In 2011, I stepped onto a yoga mat for the first time because I wanted to escape my hellish life. It wasn’t because I wanted be physically fit or for all the other benefits of yoga. It was because I was seeking for something to do, seeking some kind of spiritual liberation. In that one hour class, as I focused on practicing the pranayama and asana, I felt an unprecedented peace. Ever since then I have been completely captivated by this feeling on the mat.
I have continued to practice in the past few years. All the different experiences and feelings have surprised me, and I found myself feeling touched in small things. I started to encourage myself to release the external comparison and judgment. I learned to let go of competition and expectation, in order to have a deeper experience in yoga. These experiences affected my life, allowing me to be more content and happy. I like myself like this. I became more in touch with my body; I’m more able to hear what it is telling me and to treat it in a non-violent manner. I became able to control my emotions. When I was feeling frustrated and chaotic, I would strengthen the power of my mind by focusing on my breath and connecting back to that sense of peace when I first stepped onto the mat. All of these made me realize yoga is not just about loving myself; it is more of loving all beings.
Gina often said to be grateful for all the good in life, be grateful for fellow student’s presence. I really like her message. It coincides with the idea of the Chinese saying: “observe good deeds and feel grateful”. What it means is when we see other people doing good deeds and we feel grateful to them, it doesn’t necessary benefit them, but we are benefitted by that attitude. On the other hand, if we observe other people making mistakes and we feel resentment, they may not suffer by it, but we certainly suffer. So having the intention to see all the good that’s already there, observe everything in life with a positive attitude, we would be filled with joy and gratitude.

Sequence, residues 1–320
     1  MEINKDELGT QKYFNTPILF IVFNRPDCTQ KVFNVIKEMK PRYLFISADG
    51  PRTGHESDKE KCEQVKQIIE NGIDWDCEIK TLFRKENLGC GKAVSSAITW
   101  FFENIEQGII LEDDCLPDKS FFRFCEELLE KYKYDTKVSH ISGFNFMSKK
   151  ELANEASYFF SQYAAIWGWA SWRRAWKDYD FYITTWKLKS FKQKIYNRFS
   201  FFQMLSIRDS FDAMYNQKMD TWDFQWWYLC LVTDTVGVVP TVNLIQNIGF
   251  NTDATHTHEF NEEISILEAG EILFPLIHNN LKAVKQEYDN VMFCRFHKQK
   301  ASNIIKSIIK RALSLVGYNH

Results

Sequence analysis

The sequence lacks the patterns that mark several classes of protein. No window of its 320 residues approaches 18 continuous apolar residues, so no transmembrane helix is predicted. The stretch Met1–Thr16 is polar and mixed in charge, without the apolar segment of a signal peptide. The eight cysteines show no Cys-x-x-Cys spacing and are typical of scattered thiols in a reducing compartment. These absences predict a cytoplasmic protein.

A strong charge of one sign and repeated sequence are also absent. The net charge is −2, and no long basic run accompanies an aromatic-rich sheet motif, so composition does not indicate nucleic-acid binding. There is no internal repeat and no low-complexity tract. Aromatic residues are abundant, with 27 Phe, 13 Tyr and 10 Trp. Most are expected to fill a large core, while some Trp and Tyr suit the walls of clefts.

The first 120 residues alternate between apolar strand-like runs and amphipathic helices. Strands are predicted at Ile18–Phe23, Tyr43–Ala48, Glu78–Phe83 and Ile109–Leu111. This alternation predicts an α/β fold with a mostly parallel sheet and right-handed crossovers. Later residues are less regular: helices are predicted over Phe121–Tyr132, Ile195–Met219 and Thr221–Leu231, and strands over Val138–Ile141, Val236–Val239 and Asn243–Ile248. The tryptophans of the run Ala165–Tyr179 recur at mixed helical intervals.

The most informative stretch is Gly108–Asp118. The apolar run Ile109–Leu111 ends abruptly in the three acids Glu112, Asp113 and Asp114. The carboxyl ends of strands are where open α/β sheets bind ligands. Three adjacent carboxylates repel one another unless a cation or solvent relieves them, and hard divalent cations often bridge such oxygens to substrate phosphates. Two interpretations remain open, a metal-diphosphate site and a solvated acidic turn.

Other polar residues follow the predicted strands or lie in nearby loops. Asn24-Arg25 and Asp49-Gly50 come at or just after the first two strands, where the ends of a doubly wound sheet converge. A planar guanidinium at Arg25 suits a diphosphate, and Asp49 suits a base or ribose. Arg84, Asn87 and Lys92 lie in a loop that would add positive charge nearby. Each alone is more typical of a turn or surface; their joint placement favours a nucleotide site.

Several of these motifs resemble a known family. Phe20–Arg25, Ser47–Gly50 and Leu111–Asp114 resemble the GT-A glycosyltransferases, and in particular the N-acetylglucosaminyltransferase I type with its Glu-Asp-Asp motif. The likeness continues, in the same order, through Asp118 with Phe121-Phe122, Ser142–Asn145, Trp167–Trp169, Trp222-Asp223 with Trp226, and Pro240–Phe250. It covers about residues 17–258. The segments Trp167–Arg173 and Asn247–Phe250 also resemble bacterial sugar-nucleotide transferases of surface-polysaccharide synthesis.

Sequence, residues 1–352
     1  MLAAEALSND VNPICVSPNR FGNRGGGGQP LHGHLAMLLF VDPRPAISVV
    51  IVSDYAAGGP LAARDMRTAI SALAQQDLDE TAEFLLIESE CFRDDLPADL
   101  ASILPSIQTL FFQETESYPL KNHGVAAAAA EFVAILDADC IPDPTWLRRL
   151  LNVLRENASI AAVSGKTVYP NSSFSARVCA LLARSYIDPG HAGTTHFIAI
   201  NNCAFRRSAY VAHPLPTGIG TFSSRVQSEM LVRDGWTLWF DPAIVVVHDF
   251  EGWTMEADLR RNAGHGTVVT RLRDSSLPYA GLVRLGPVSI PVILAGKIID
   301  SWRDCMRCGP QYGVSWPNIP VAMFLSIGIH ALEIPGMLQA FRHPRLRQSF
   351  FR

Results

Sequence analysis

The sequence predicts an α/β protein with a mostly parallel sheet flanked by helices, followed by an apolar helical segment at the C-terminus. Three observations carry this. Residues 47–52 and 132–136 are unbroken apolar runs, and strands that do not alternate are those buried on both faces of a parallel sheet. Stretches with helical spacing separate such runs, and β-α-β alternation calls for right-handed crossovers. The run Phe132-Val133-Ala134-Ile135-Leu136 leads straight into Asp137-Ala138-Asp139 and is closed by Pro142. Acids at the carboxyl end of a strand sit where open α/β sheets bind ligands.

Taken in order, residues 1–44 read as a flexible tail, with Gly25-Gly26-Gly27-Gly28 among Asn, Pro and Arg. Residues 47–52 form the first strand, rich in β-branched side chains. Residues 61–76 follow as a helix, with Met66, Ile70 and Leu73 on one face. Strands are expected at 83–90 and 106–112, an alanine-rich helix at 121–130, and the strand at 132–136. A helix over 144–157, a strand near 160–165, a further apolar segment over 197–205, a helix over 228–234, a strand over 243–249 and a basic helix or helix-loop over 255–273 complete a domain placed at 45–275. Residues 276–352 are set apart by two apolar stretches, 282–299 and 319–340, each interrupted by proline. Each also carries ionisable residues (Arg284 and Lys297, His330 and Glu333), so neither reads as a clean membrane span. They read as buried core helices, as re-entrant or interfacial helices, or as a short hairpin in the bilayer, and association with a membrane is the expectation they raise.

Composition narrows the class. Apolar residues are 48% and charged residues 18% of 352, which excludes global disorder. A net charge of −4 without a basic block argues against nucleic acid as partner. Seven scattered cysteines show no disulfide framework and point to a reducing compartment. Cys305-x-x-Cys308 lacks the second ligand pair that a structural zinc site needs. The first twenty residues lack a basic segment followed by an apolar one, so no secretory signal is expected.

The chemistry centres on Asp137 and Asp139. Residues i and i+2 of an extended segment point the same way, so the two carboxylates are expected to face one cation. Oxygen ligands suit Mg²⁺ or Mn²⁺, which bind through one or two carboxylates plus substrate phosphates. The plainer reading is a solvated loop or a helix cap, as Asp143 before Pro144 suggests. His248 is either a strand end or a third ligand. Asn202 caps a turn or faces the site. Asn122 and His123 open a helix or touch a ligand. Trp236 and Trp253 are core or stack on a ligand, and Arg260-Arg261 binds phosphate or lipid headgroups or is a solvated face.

When we experience pain and suffering, we can go from “why does it happen to me?” to “why isn’t it me?” I learned to be grateful to ones that have hurt me. Without those pains, I wouldn’t be who I am today. I wouldn’t have started doing yoga, and even fell in love with yoga. I am very thankful for all the positive changes that yoga had brought me. What was tortuous to me made me stronger. Yoga is a journey and not a destination. It ultimately has to come back to life, to the initial intention. Everything happens for the best.
I like to thank my parents. If I didn’t have them by my side when I was at my lowest point and encouraged me to do yoga, I would never have the chance to enjoy such delight. I’m also thankful to Gina, Wawa and all the other teachers for allowing me to see my potential and break through time and time again. I like to thank all my fellow practitioners for their presence and encouragement, allowing me to look forward to class each day. Let’s let go of the past and let each day be a new beginning.
No matter what kind of difficulties and setbacks I may encounter in the future, I hope I would never forget my initial intention. It is about meeting myself on the mat. Let the initial inspiration forever stayed in my heart.
Let us cheer each other on.